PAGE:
Notoriously, some generals have prepared to win the battles fought by the previous generation. British armies from 1939 to 1941 used the tactics of 1918. As a result, UK forces were routed by the Wermacht in the Battle of France. Two years later, General Percival repeated the mistake in Malaya and Singapore. He failed to appreciate the importance of air-power, armour and a lightning advance. 120,000 soldiers surrendered to a much smaller Japanese force; millions of civilians were left defenceless before one of the most brutal and cruel forces unleashed on civilization, the Imperial Japanese Army.
In Ireland it seems as if evangelicals are still fighting the battles of 1859. We preach as if the world understands our subculture and shares our presuppositions. Yet the entertainment industry, the press, and even school curricula preach that facts are the business of science and all else is mere prejudice. Attacking works-righteousness in sermons is redundant when generations have been raised on relativism and nihilism. People won’t see any need for salvation if “stuff happens” is their catchphrase, or if they view all moral judgement as an act of oppression. We can modernise our worship tunes and turn up the volume; but our message will remain incomprehensible.
In this culture apologetics is not merely helpful, but unavoidable. Apologetics simply means “challenging the sceptic’s objections”. Just as theology flows naturally from worship and confession, apologetics is the natural outcome of evangelism. At some point the Christian moves from proclaiming the Gospel to persuading the unbeliever; once this move takes place, the Christian has moved from evangelism to apologetics. Sooner or later, the unbeliever will ask “why should I take anything you say seriously?” The Christian will have to state some reason for the hope that is within him or her; so whatever he or she says next had better make sense.
Some will object that only God can effectively call a person to saving faith. Well, amen and hallelujah. But how does God call us? Typically through his word; and it is astonishing how often God’s word reasons with unbelief. For example, Paul opens his chief theological statement, the book of Romans, with a critique of idolatry and polytheism. He makes a similar argument to the Athenians in Acts 17. The ‘world and everything in it’ reflects the power of one creator. If everything in this world depends on a creator, then it follows that the creator cannot depend on anything in nature. These arguments would have been familiar to the Stoic and Epicurean philosophers of Athens. They might even have been sympathetic to Paul’s argument that everyone searches for one thing because there is one God. Creation, after all, testifies to one design and one providential plan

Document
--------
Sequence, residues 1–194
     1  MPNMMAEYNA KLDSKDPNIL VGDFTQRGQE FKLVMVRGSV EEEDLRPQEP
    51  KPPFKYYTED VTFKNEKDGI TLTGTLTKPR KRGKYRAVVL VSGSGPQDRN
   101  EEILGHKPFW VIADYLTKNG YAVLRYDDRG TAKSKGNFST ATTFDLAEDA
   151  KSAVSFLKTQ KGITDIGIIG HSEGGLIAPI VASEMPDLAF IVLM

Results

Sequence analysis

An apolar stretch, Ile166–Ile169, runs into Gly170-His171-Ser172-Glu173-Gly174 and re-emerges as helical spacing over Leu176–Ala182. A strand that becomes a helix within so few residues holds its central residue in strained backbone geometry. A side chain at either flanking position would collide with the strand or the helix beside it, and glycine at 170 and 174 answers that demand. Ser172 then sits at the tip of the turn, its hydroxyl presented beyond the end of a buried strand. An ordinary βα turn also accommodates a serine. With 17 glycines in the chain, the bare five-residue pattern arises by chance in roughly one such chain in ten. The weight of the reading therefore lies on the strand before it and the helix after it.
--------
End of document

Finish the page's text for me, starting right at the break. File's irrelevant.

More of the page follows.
The enemy is massing at our borders and we are retreating inside a cosy subculture. We are digging trenches when we should be preparing to meet a blitzkrieg. A glance at the latest editorials, or a brief conversation with an unconverted friend, will reveal how post-Christian Ireland has become. Christianity is accepted as a pleasant and comforting pass-time; it is not viewed as a claim to absolute truth, a call to know Christ, or a command to obey the living God. We need to prepare to meet and engage a culture which can no longer comprehend the basic terms of the Gospel. We must follow Paul’s example: challenge the arrogance of unbelief, put God at the centre of human thought and prepare hearts for the gospel.
Graham Veale is a theology graduate of Queen’s University Belfast and has taught Religious Education for 16 years. He jointly runs the Saints and Sceptics website http://www.saintsandsceptics.org and is the author of New Atheism: A Survival Guide (Christian Focus Publications).